Topic

tedge/{CHILD_ID}/commands/res/firmware_update

Payload

{
"id": "{OP_ID}",
"status": "executing"
}

where the OP_ID must match the id received in the firmware_update request.

Example

mosquitto_pub -h {TEDGE_DEVICE_IP} -t "tedge/{CHILD_ID}/commands/res/firmware_update" -m '{"id": "{OP_ID}", "status": "executing"}'

Download the firmware package via HTTP

After sending this status message, the connector must download the firmware file from the url received in the request with an HTTP GET request. Validating the integrity of the downloaded package by matching its SHA-256 hash value against the sha256 checksum received in the request is highly recommended.

Apply the firmware package

The connector can then apply the downloaded firmware file update on the device. This step is very device specific and might require use of other device specific protocols as well.

Send successful/failed status via MQTT

Once the update is successfully applied, send a "successful" MQTT status message as follows:

Topic

tedge/{CHILD_ID}/commands/res/firmware_update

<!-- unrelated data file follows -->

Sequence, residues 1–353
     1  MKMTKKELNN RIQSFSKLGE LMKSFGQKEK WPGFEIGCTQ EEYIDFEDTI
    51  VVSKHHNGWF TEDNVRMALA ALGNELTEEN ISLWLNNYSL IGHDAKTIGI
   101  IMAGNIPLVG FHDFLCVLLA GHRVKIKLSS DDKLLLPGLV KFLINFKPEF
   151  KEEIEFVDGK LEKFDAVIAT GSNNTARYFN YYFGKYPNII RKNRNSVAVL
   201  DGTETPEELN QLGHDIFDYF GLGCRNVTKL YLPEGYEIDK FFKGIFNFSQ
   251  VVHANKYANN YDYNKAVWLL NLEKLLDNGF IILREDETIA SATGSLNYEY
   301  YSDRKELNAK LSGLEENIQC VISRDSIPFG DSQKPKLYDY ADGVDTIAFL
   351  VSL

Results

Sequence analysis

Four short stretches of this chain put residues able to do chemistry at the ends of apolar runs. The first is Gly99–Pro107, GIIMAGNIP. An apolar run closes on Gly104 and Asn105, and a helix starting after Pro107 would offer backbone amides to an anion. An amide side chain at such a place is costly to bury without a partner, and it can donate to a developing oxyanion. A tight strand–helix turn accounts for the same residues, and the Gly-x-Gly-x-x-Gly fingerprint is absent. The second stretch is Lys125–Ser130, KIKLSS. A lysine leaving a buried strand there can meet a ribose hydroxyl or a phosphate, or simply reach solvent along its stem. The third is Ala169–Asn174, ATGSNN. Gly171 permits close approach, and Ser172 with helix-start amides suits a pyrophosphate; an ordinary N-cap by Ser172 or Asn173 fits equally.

Payload

{
"id": "{OP_ID}",
"status": "successful"
}

Example

mosquitto_pub -h {TEDGE_DEVICE_IP} -t "tedge/{CHILD_ID}/commands/res/firmware_update" -m '{ "id": "{OP_ID}", "status": "successful" }'

If there are any failures while downloading or applying the update, a "failed" status update (with an optional reason) must be sent instead, to the same topic as follows:

Payload

{
"id": "{OP_ID}",
"status": "failed",
"reason": "Failure reason"
}

Example

mosquitto_pub -h {TEDGE_DEVICE_IP} -t "tedge/{CHILD_ID}/commands/res/firmware_update" -m '{ "id": "{OP_ID}", "status": "failed", "reason": "SHA-256 checksum validation failed" }'

Cleanup

To save bandwidth, thin-edge downloads a single firmware file only once and keeps it cached for reuse across multiple child devices, as firmware updates could be applied to a fleet of devices together. The cached files are stored under the tedge data directory /var/tedge/cache, by default. Since thin-edge does not know how many devices it will be reused for and for how long, it can not clean them up on its own. So, the user must manually delete the cached firmware files once the update is complete on all child devices.

References

  • Reference implementation of a child device connector written in Python to demonstrate the contract described in this document. This connector supports both configuration and firmware management operations. So, just focus on the firmware management aspects.